Way back when Sam was still a diaper wearing person who toddled more than walked, he was a quiet kid. Then he stopped toddling and picked up a big boy gait, and we realized he was still quiet. Too quiet. One intense evaluation by a speech therapist later and we had our confirmation. Sam had serious speech delays.
I should have seen it coming. We were very familiar with speech therapists already. His older brother has a metabolic disorder that left in its wake a pretty nasty case of low muscle tone. Having weak muscles in your jaw, lips and tongue make it difficult to form words correctly. We spent years hanging out in the speech therapist's office, working on strengthening the muscles around his mouth.
By the time Sam was born his big brother was speaking well and on the fast track to normal speech.
I assumed I knew what to look for in Sam's speech development, since his brother's speech therapist had become one of my best friends in Missouri. (We did spend a lot of time together, more than I spent with any 'regular' friends and we were both passionate about my sweet boy. There's nothing more bonding than someone loving your kid almost as much as you do)
So when we made the big move to D.C. and Sam continued to be an easy going toddler, I was not concerned. I was watching for 'mushy speech' and I was not hearing it. I was watching for mispronounced words and I was not hearing any.
That was the problem. I wasn't hearing anything. My baby was mute. Not exactly mute. He made sounds. But nothing close to language.
It was when he had passed his second birthday and I realized he had never said the word 'NO!" that I became alarmed. What two year old (or eighteen month old, for that matter?) has not pounded his fist on the highchair tray and yelled NO! in the middle of dinner?
I should have noticed it earlier. But I was watching for zebras, and antelopes showed up. Plus we had just packed up our four young children, all born in Missouri, and moved them from the only city they had ever lived in, plunking them down in the middle of the metropolis of Washington D.C. (just months after 9/11, mind you.)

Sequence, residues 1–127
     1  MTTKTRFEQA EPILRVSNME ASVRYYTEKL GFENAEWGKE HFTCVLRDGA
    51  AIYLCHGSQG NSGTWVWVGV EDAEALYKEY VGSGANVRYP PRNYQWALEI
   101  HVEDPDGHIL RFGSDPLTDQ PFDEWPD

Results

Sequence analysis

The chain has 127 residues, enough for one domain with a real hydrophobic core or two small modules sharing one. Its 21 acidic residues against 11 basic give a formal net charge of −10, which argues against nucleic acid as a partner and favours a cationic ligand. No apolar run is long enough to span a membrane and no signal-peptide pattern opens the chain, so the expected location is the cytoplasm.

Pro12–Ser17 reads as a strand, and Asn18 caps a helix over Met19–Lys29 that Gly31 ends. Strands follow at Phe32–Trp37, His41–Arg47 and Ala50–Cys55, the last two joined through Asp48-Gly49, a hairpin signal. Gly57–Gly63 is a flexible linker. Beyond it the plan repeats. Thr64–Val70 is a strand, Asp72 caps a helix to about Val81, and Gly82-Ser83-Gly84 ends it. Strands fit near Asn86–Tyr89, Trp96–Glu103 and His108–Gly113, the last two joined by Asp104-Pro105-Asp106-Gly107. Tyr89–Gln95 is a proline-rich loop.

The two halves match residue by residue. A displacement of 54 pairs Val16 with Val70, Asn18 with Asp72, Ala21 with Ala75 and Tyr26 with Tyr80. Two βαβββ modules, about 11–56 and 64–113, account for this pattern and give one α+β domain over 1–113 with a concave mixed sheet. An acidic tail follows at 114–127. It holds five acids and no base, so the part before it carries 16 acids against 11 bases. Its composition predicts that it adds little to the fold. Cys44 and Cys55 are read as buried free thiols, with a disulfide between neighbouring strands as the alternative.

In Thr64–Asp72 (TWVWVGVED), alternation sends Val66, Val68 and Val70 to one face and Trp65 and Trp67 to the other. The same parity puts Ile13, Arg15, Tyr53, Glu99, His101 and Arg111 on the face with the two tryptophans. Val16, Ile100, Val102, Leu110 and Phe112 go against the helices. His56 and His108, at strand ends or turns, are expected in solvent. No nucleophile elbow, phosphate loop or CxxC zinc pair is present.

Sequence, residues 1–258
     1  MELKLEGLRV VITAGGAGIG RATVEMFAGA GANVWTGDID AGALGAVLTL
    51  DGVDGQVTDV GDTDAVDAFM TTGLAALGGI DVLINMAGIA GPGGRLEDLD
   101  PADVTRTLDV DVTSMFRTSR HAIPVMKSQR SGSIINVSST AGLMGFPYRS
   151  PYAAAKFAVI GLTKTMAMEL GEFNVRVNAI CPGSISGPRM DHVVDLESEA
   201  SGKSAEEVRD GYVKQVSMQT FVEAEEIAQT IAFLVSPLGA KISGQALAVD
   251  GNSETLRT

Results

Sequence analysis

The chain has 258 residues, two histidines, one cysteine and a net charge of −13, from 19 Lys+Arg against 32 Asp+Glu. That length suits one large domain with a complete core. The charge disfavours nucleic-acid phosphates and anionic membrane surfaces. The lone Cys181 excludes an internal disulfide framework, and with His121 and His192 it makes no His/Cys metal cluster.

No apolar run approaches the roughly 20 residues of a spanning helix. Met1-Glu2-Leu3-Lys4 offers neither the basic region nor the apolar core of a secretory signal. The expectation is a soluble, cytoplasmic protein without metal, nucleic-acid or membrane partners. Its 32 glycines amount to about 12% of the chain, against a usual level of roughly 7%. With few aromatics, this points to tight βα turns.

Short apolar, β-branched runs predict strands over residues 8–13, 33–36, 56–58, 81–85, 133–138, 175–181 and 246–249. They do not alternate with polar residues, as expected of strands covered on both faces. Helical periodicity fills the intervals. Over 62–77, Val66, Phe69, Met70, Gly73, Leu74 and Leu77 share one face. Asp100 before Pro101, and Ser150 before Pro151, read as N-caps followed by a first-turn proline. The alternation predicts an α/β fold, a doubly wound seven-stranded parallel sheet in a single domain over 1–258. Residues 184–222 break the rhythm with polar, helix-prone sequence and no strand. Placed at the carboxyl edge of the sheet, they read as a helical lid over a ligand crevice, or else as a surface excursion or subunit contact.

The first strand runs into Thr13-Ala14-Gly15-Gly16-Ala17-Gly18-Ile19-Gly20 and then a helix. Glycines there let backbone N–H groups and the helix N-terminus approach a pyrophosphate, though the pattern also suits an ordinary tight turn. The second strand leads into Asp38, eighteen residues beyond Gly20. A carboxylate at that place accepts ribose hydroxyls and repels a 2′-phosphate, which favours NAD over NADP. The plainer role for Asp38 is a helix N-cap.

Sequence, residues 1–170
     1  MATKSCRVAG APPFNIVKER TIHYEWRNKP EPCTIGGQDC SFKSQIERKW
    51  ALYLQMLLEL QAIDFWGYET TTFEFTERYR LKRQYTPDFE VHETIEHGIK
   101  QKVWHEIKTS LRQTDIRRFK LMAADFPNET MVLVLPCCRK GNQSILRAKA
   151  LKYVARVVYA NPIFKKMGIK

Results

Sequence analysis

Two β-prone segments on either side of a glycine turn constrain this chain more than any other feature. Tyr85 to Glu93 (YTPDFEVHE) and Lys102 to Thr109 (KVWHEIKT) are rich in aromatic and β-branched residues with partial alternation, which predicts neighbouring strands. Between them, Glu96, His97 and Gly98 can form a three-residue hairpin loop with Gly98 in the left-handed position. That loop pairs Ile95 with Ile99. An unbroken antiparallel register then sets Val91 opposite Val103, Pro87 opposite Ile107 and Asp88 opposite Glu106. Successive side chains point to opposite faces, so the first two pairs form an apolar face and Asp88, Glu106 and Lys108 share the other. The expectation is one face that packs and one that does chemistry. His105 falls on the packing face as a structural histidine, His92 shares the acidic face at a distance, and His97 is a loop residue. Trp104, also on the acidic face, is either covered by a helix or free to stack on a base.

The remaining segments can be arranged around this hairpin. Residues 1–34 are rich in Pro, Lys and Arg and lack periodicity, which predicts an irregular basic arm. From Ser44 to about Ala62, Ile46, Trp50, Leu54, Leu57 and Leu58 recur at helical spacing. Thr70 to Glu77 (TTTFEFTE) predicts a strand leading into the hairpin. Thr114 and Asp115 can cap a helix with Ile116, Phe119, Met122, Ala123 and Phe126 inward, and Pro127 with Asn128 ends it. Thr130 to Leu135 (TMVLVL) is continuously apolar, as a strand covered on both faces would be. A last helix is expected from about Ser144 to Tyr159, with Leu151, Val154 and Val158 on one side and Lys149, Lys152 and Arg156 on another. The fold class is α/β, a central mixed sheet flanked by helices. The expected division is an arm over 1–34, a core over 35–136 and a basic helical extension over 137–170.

There was a lot of unpacking and signing up for schools, and figuring out the metro lines stuff going on. The fact that Sam was quiet was not noticed because he was...well...quiet. The squeaky wheel thing and all that.
So suddenly I noticed and found the box with the address book in it so I could call best friend speech therapist back in Missouri. She confirmed my concerns and advised I get on the case immediately.
Thus began Sam's journey with speech therapists. But this time we were not working on blowing bubbles and cotton balls to get stronger lips. We were working on finding sounds to make into words.
We had been doing baby signs with him and they became his life saver. He could express, through basic signs, what he wanted. I was introduced to the amazing Signing Time videos. They helped our whole family, including grandparents, understand how to communicate with our youngest child.
But part of the problem with having no speech as a one, then two, then three year old, is not being able to express how you feel. He didn't bombard me with constant questions through the grocery store, like his siblings had done. There was no discussing his favorite desires for Christmas that year. He didn't have the opportunity to question how the sky was made or why fruit loops don’t grow on trees. The basic needs were communicated but I missed knowing what my boy was thinking.
Then one day, after months and months of speech therapy, the language started to come. Slowly, slowly we built up words into sentences and Sam started to realize he could talk. He could ask questions and state his feelings. And it was fun to see what he had been carrying around inside that head all those quiet months.
One of my favorite moments came when he had become a tall, confident three-year-old. He sidled up to the counter and asked for a bowl of breakfast cereal. "Me want cee-yal, mama".
And as I poured out the frosted flakes and slopped on the milk my sweet boy looked up to me and said, oh so seriously, "Where we get dees bowls, mama?"
All those months of silence and my boy had been wondering where I'd gotten the bowls.
It makes me wonder what else he had been wondering, that he never got to ask.
I met with his school speech therapist today and he is right on track. He will still receive services through the summer and then into second grade, but most people who meet him would never know he ever struggled with finding language. We feel blessed to have been able to shower him with the best specialists in every city we've lived in.
Sometimes I think back to Sam's preschool days and wonder what treasures we missed. Sam is a very creative kid and I wonder what questions he had about the world around him that he could never ask because language was foreign to him. What magical profound thoughts circled through his preschooler brain and had no way of getting out? I will never know the answers to these questions but I am thankful anyway. So thankful that he finally did master our language and is able to fit right in to his second-grade class today. Thankful that he had great teachers along the way who brought out the best in him.
And also thankful that he made peace finally, with where we got the bowls.